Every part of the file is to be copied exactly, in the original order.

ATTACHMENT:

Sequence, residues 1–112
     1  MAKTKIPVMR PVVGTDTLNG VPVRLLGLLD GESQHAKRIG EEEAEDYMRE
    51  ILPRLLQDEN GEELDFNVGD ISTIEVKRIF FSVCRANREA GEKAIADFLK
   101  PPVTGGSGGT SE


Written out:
Sequence, residues 1–112
     1  MAKTKIPVMR PVVGTDTLNG VPVRLLGLLD GESQHAKRIG EEEAEDYMRE
    51  ILPRLLQDEN GEELDFNVGD ISTIEVKRIF FSVCRANREA GEKAIADFLK
   101  PPVTGGSGGT SE